Patti Cake$

Patti Cake$

2017, R, 108 min. Directed by Geremy Jasper. Starring Danielle Macdonald, Bridget Everett, Siddharth Dhananjay, Mamoudou Athie, Cathy Moriarty, Sahr Ngaujah, MC Lyte.

REVIEWED By Marjorie Baumgarten, Fri., Aug. 25, 2017

Patti Cake$ might be what you’d get if you shifted the gritty Midwestern musician origin stories of Eminem’s 8 Mile and Prince’s Purple Rain into the body of a plus-sized white girl in northern New Jersey who dreams of success as a rap superstar. Which is to say that Patti Cake$ treads familiar territory while also presenting something fresh and original. The narrative is too often pat and predictable, but the character of Patti Dombrowski – aka Patti Cake$, aka Killa P, aka Dumbo – and the knowingly shot streets of broken-down Jersey where the New York City skyline, so close yet so far, taunts residents, make the film stand out. Like its titular protagonist, this film is an ingratiating diamond in the rough.

What Patti Cake$ lacks in narrative creativity, the film makes up for in its casting. The three female leads shape the material into something memorable and create indelible characters. Patti Dombrowski is fearlessly played by Australian actress Danielle Macdonald in her breakout American role. Patti’s mother Barb, an alcoholic who abandoned her own singing career when she became pregnant with Patti, is played with hard-hearted sensitivity by alt-cabaret star Bridget Everett (Fun Mom Dinner), while an almost unrecognizable Cathy Moriarty (Raging Bull) plays Patti’s wheelchair-bound nana. These three actresses are the movie’s secret weapon. First-time feature writer and director Geremy Jasper, who also composed much of the movie’s soundtrack, can be forgiven for many of his novice storytelling mistakes in light of his shrewd casting decisions.

Patti lives with her mother and nana in something more akin to a flophouse than a home. With overdue bills a constant plague, Patti works two dead-end bartending jobs, and holds her mother’s hair back when she pukes into the toilet after cadging drinks and singing karaoke at the bar where Patti works. Her only friend is a pharmacist who performs with her under the name Jheri (Dhananjay), and supports her when she’s mocked and called Dumbo by the freestyling rappers on the street corner who ridicule the heavyset white girl’s rap aspirations. Soon, a furtive figure who calls himself Basterd the Antichrist (Athie) piques Patti’s interest, and she discovers his lair in a park behind a cemetery where he has a homemade recording studio setup. A demo and love affair emerge, and after slipping a copy to a DJ at an event where Patti is bartending, our girl is ready to cross the Hudson to the New York side. Old scores are settled and Patti gets the all-clear for a meteoric rise. Patti Cake$’ fairy-tale ending obscures the reality experienced in the music biz by most large girls with even larger talents.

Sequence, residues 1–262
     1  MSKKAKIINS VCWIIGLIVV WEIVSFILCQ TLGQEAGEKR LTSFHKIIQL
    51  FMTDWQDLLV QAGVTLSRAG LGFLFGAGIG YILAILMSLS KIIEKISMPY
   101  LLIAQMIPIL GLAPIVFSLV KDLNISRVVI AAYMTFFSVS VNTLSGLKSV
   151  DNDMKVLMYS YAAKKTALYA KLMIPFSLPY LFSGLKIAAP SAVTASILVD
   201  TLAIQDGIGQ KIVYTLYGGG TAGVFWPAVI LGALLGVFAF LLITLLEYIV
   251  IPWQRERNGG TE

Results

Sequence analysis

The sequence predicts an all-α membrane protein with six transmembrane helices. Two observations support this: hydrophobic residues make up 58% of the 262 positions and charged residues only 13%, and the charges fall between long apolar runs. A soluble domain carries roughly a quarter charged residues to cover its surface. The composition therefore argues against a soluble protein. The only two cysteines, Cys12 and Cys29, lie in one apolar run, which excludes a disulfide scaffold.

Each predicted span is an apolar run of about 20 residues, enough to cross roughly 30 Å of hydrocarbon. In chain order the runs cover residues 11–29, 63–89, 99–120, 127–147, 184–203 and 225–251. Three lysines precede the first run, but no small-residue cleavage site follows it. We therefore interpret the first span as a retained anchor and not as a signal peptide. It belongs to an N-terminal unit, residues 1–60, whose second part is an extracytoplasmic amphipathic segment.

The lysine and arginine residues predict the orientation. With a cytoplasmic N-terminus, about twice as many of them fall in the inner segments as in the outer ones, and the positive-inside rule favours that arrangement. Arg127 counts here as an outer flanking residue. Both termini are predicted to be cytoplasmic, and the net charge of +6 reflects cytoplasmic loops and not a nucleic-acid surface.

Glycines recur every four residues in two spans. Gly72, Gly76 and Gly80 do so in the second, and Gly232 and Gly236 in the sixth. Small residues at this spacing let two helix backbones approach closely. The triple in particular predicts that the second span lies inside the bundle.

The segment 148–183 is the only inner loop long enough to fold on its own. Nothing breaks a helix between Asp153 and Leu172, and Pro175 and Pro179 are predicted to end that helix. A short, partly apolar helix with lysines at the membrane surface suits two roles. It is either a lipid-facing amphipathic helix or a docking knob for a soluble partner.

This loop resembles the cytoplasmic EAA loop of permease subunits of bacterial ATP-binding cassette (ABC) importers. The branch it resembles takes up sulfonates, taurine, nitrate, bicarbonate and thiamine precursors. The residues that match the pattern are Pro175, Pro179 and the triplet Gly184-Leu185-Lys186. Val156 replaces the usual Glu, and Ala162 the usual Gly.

A note to readers: Bold and uncensored, The Austin Chronicle has been Austin’s independent news source for almost 40 years, expressing the community’s political and environmental concerns and supporting its active cultural scene. Now more than ever, we need your support to continue supplying Austin with independent, free press. If real news is important to you, please consider making a donation of $5, $10 or whatever you can afford, to help keep our journalism on stands.

Support the Chronicle  

READ MORE
More Danielle Macdonald Films
Skin
Brutal true-life tale of escaping life as a neo-Nazi

Dec. 13, 2019

The East
This crypto-thriller that explores moral grounds before turning gauzy is the latest film from Sound of My Voice's Brit Marling and Zal Batmanglij.

Marjorie Baumgarten, June 14, 2013

More by Marjorie Baumgarten
Stardust
Bowie before he became Ziggy in this less-than-glittering docudrama

Nov. 27, 2020

Sound Unseen Review: <i>Stardust</i>
Sound Unseen Review: Stardust
The birth of Bowie the icon retold with more glimmer than glitter

Nov. 16, 2020

KEYWORDS FOR THIS FILM

Patti Cake$, Geremy Jasper, Danielle Macdonald, Bridget Everett, Siddharth Dhananjay, Mamoudou Athie, Cathy Moriarty, Sahr Ngaujah, MC Lyte

MORE IN THE ARCHIVES
NEWSLETTERS
One click gets you all the newsletters listed below

Breaking news, arts coverage, and daily events

Can't keep up with happenings around town? We can help.

Austin's queerest news and events

New recipes and food news delivered Mondays

All questions answered (satisfaction not guaranteed)

Information is power. Support the free press, so we can support Austin.   Support the Chronicle